FLOREAL, Mauritius — The bodies of whales, turtles and other sea creatures have washed up on the shores of Mauritius, five weeks after a ship carrying thousands of tons of oil ran aground off the Indian Ocean Island.
Fishermen told NBC News they had found melon-headed whales near the spot where the Japanese-owned MV Wakashio crashed into the Point D-Esny reef off the tiny nation’s southeast coast July 25. The vessel began spilling oil on Aug. 6 and broke into two parts 11 days later. It was deliberately sunk Monday.
“I know the spill is responsible for their deaths,” Yannick Fine, 33, said, adding that some of the whales were pregnant as it was the season for them to breed and nurse their young.
“They used to frolic next to my boat,” he added. “Now they are dead. I’ve seen their mouths covered in oil, I know the spill is responsible for their deaths.”
Stephan Gua, a member of the Rezistans ek Alternativ activist group, said that he and other members had seen dead creatures floating in the water earlier this week. Others found alive had “blood around their mouths,” he added.
Pictures shared on social media and published in the local press show the whales’ mutilated bodies, some with blackened mouths. Other reports said sea turtles, fish and crabs that have been found dead across the country’s shoreline.
“It’s devastating and these deaths are only the beginning,” said Vassen Kauppaymuthoo, an oceanographer and managing director of the private company Delphinium Ltd.
“The situation is going to get progressively worse. We’re only seeing the tip of the iceberg,” he said, adding that many of the dead animals “would have been eaten by sharks or sunk to the bottom of the sea.”
Shark bites seen on some of the whale bodies indicated that they had been weakened by pollution, he said. “They must have suffered for a long time,” he said.
He added that it was “very difficult to think that something other than the oil spill” and the scuttling of the MV Wakashio could have caused their deaths.
The ship was carrying an estimated 4,000 metric tons of oil, 3,800 tons of very low sulphur fuel oil and 200 tons of diesel when it ran aground, the owner Tokyo-Mitsui O.S.K. Lines Ltd said in a statement earlier this month.
While the government said it was able to pump much of the fuel out and onto smaller tankers, some gushed from cracks in the ship, streaking the island's turquoise water and threatening its coral reefs, protected lagoons and shoreline — vital for the nation’s main industry, tourism.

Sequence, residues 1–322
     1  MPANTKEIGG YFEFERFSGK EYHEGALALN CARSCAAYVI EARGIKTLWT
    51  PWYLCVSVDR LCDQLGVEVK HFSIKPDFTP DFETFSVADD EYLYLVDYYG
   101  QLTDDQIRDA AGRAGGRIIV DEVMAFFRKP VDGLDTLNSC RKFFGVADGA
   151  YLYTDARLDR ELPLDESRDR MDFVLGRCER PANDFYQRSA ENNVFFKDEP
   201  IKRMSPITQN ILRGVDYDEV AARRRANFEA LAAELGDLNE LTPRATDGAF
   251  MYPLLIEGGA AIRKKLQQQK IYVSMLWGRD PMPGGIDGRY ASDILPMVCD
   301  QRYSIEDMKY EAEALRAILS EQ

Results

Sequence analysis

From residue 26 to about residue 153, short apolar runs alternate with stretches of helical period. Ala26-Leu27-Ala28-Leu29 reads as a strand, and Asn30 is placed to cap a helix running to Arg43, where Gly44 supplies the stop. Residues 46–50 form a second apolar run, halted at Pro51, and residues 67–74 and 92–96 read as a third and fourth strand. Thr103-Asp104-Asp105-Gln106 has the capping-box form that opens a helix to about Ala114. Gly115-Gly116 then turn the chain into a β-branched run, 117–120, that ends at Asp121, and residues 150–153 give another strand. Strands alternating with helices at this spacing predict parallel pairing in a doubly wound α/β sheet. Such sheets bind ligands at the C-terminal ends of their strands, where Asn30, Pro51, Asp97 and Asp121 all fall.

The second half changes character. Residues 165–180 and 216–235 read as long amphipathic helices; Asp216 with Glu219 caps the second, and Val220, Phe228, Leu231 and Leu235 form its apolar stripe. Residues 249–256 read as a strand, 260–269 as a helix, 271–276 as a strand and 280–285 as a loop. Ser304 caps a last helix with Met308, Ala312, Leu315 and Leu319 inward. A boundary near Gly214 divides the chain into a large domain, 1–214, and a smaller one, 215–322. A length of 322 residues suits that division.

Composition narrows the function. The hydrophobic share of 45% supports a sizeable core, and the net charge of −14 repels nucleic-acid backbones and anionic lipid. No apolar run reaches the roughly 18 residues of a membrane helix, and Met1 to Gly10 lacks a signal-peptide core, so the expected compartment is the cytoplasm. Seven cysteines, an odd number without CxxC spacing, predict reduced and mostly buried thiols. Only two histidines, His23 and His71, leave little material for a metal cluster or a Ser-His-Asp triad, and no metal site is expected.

More than 880 metric tons of oily waste were collected at 14 sites, according to a United Nations report.
Hundreds of volunteers also joined citizen-led efforts to contain the spill, which U.N. satellites revealed had “heavily affected” more than 18 miles of the tiny nation’s shoreline.
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The captain and first officer were arrested on Aug. 18 and charged with endangering safe navigation of the ship, which broke into two parts and was deliberately sunk by Mauritius’ government Monday.
The decision was condemned by Greenpeace which has called for investigations into the way the ship has been handled.
“Given how fast the decision was made between breaking of the ship and the start of towing we find it highly unlikely that any and all polluting content was removed,” the organization said in an open letter Monday.
The oceanographer Kauppaymuthoo said that it was “very difficult to think that something other than the oil spill and scuttling,” could have caused the deaths of animals found on the coastline.
However, Mauritius’ Minister of Fisheries Sudheer Maudhoo disagreed with that assessment, telling a press conference Wednesday that he had been informed that the deaths were not linked to the MV Wakashio.
NBC News has independently and repeatedly approached the government for comment.
Autopsies on some of the creatures are being carried out and many are suspicious of the government’s assessment, including Carina Gounden, a member of Aret Kokin Nu Laplaz, an environmental association of citizens and nongovernmental organizations on the island.
“They are insulting our intelligence,” she said, adding that the government had been “too hasty” to conclude there was no link between the ship and the animal deaths.
“I have talked to people across the coast,” she said. “They’re saying this is definitely abnormal.”
She added that the government had not been transparent enough about its response.
“In Mauritius, there’s a feeling that not everything has been told to us,” she said. “That there’s a cover-up.”
Kauppaymuthoo agreed that authorities had downplayed the severity of the situation.
“There’s a lack of transparency and coordination,” he said. “We need a smooth and efficient recovery. I’d recommend getting scientists together to form an independent scientific body.
“The more time we lose, the greater the impact on the environment and we need to be prepared for further horrific events to come,” he added.